Waste Industries, the 47-year-old homegrown Raleigh company that became one of the Southeast’s leading solid waste management companies, will merge with a larger Canadian company this year.
Waste Industries and Toronto-based GFL Environmental announced the deal on Wednesday and it’s expected to close by the end of this year, after regulatory reviews. The combined company will operate in nine out of Canada’s 10 provinces and in 10 states in this country.
The combined company will have more than 8,850 workers and 47 landfills, 98 collection operations and 59 transfer stations, according to a company press release. The company will keep its name and will operate as the U.S. subsidiary of GFL, said Ven Poole, the CEO of Waste Industries.
Poole said the two companies don’t overlap on a single trash pickup route and the merger will not require layoffs of any of Waste Industries’ 2,850 employees. Waste Industries is a consolidator that has made more than 200 acquisitions since its founding in 1970, and its executives and top managers will become part-owners of the combined GFL company.
“It’ll be business as usual,” said Poole, who in 2009 took over as CEO from his father Lonnie Poole Jr. “Owning a small piece of a bigger pie is a just logical progression for our family from an investment standpoint, as opposed to selling out and taking the money.”
Founded in 1970 by 33-year-old Wake County native Lonnie Poole Jr., Waste Industries struggled to remain solvent in its early years but was able to expand as local governments transferred trash hauling and dumping services to private companies, according to a company profile in the North Carolina History Project.
Today Waste Industries operates 1,200 garbage trucks and picks up trash from 2 million locations in nine states, including Colorado, Pennsylvania and Georgia. Its largest customers include Wake County and Brunswick County homeowners and businesses, Poole said, and the company also picks up trash at Golden Corral restaurants and Harris Teeter grocery stores, among others.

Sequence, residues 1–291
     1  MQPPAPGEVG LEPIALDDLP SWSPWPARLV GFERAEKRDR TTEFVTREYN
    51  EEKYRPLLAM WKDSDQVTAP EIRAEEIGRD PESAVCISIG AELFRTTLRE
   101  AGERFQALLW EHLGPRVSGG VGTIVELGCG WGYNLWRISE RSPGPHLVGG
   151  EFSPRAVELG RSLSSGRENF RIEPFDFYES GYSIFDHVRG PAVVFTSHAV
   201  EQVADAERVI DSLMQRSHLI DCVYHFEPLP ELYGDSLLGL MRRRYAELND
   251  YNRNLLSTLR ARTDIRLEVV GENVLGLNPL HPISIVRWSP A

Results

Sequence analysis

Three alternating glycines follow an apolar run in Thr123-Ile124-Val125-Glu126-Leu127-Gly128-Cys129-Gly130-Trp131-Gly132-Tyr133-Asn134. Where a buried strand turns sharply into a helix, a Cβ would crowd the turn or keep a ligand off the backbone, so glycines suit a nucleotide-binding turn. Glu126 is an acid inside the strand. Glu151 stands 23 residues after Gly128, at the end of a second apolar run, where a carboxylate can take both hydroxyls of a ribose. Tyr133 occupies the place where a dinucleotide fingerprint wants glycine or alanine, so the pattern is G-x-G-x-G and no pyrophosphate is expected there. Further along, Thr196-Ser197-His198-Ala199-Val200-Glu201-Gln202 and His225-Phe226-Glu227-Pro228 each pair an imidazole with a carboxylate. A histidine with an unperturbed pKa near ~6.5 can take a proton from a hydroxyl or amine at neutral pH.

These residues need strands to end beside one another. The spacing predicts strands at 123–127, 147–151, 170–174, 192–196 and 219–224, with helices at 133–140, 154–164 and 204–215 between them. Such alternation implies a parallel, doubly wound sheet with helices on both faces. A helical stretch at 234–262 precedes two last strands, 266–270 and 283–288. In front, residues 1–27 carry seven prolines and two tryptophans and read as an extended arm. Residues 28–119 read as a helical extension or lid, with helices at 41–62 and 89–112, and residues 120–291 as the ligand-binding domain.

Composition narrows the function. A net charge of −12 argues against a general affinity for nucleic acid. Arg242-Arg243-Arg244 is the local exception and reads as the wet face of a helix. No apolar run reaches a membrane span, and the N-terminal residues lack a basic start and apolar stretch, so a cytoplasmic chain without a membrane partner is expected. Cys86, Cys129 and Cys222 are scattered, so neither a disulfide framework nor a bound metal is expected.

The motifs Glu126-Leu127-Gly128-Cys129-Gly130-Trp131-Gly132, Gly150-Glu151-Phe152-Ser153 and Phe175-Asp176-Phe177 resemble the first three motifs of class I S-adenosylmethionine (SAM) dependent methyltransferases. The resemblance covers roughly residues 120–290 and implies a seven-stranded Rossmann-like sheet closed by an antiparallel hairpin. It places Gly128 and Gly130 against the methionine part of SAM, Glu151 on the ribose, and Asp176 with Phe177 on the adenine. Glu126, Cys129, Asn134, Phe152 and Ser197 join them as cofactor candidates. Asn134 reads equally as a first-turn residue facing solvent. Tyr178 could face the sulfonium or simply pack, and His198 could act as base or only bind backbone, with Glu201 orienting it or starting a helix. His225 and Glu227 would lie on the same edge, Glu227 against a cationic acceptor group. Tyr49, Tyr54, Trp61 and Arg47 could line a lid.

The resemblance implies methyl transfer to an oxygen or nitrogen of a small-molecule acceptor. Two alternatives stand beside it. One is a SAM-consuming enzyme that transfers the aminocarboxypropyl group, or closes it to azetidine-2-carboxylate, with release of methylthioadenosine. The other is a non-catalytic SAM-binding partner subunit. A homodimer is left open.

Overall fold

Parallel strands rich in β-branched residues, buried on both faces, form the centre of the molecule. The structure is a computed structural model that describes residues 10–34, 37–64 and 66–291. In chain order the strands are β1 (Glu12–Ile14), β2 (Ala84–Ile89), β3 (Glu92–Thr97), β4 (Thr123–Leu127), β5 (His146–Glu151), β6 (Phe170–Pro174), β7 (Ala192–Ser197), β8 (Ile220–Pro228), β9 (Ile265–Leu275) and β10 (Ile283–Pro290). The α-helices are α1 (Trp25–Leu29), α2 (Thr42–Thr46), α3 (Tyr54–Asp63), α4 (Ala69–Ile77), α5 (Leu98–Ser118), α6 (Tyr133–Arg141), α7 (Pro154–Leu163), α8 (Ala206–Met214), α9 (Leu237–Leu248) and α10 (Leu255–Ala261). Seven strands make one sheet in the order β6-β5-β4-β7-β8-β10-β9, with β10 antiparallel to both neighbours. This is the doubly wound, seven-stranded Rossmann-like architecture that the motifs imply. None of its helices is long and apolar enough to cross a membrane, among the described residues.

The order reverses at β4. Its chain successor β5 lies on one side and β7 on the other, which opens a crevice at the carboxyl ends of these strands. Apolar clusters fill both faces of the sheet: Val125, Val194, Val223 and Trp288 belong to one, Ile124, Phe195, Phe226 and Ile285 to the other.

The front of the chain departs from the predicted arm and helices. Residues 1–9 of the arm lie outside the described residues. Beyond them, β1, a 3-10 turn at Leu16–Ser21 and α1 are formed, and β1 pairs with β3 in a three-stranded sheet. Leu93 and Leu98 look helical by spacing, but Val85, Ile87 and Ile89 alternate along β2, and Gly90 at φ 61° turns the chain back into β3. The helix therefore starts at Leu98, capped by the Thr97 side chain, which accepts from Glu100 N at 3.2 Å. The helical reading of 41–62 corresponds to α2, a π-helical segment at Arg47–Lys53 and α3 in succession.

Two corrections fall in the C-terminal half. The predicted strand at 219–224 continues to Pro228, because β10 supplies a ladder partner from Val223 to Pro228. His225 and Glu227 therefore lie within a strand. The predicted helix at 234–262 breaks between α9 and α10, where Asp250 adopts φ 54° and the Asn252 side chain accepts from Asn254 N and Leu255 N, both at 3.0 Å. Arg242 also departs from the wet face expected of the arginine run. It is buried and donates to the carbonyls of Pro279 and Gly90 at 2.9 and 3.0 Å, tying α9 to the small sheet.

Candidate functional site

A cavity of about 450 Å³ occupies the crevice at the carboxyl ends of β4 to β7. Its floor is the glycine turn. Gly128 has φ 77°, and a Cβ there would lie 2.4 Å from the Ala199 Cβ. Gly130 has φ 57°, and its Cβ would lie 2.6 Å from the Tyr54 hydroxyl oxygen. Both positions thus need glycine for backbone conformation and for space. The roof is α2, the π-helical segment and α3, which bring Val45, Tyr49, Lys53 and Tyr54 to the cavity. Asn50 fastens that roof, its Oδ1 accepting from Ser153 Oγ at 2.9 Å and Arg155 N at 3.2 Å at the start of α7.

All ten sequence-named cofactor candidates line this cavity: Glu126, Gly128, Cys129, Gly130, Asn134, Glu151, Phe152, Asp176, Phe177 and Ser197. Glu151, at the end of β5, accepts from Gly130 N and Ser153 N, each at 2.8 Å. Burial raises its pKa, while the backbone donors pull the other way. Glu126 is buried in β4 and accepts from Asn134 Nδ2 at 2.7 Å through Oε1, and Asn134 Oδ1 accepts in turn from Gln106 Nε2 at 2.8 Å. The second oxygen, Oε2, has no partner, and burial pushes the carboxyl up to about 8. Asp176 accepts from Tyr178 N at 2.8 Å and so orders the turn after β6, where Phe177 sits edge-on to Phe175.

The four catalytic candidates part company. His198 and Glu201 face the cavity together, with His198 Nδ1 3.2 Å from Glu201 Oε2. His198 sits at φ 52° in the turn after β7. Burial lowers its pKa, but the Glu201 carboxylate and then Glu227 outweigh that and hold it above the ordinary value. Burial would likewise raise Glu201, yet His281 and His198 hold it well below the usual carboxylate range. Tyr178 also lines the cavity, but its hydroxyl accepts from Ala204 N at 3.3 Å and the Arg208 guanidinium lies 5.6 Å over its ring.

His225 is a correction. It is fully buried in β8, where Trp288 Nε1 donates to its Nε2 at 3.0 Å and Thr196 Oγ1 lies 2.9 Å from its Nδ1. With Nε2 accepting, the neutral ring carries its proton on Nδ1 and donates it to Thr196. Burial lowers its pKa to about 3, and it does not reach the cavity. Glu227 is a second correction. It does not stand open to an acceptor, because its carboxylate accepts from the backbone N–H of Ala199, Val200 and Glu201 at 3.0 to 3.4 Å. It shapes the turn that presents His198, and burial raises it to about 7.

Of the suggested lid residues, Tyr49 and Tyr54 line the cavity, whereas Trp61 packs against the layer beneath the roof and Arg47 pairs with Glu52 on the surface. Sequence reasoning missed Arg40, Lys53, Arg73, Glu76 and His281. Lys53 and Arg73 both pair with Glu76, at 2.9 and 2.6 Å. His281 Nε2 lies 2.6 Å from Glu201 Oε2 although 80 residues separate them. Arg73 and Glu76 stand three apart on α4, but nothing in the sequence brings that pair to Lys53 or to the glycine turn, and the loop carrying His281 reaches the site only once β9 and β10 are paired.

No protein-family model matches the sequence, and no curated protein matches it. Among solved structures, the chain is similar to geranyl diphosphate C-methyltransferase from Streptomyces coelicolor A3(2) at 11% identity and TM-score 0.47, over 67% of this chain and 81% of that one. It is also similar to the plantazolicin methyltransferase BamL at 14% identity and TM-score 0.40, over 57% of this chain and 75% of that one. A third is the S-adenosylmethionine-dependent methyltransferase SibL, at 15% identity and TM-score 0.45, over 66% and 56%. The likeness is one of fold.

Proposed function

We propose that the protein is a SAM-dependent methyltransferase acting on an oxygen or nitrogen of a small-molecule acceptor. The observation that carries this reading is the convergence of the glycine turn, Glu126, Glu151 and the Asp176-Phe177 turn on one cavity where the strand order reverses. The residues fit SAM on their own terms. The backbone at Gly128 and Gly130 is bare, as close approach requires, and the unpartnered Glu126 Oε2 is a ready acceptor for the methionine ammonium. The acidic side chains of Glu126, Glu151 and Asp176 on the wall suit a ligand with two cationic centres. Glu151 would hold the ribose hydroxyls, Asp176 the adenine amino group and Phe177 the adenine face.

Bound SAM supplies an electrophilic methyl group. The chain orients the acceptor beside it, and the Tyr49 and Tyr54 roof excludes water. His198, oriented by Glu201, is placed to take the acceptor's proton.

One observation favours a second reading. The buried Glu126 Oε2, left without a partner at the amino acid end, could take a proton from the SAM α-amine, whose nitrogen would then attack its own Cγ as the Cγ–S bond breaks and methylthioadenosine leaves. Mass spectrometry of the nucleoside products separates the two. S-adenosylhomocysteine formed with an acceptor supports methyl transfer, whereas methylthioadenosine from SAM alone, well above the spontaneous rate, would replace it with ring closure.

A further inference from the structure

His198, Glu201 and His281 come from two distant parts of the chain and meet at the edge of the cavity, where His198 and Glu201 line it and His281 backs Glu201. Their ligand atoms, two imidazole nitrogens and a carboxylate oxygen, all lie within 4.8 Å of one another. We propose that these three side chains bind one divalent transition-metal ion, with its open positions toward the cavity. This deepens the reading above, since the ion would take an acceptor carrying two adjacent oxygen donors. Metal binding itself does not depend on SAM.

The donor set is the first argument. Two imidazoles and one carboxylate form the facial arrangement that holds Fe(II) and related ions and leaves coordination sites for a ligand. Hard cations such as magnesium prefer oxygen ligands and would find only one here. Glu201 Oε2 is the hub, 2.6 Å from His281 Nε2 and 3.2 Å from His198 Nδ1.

Waste Industries manages the Wake County landfill and also provides trash pickup to a number of smaller towns that don’t operate their own municipal waste services.
Under the deal announced Wednesday, the combined company will be headquartered in Canada and led by GFL CEO Patrick Dovigi. Poole will become a member of GFL’s board of directors and a senior vice-president at GFL, while Waste Industries chief operating officer Greg Yorston will become chief operating officer of GFL. The Poole family, which is the majority owner of the privately-held Raleigh business, is contributing financially to the deal and will become shareholders in GFL.
GFL investors are financing the transaction, which values Waste Industries at $2.825 billion.
GFL expects its debt financing to fund a portion of the purchase price and to repay existing Waste Industries debts, according to a statement from the company.
As Waste Industries expanded across North Carolina and into other states, it went public in 1997, and used money from the initial public offering to acquire smaller garbage companies, according to News & Observer articles at the time. But in 2008, the company went private again and has remained so ever since. The N&O reported that company officials wanted to escape the demands and costs associated with being a publicly traded company.
Among the company’s milestones is that it became the first East Coast trash company to allow its customers to pay bills online, the online profile states. In 2011, the company opened its first landfill gas-to-energy project in Roseboro, about 75 miles south of Raleigh, as it pushed more into recycling and renewable energy.
The Poole family is also well-known in North Carolina for its support of N.C. State University. In 2011, Lonnie Poole Jr. and his wife Carol gave $40 million to the school, a donation then NCSU Chancellor Randy Woodson called “transformative.” The university’s business school is named after the family. The Pooles had earlier given the school $3 million to help build the golf course, which is named for Lonnie Poole.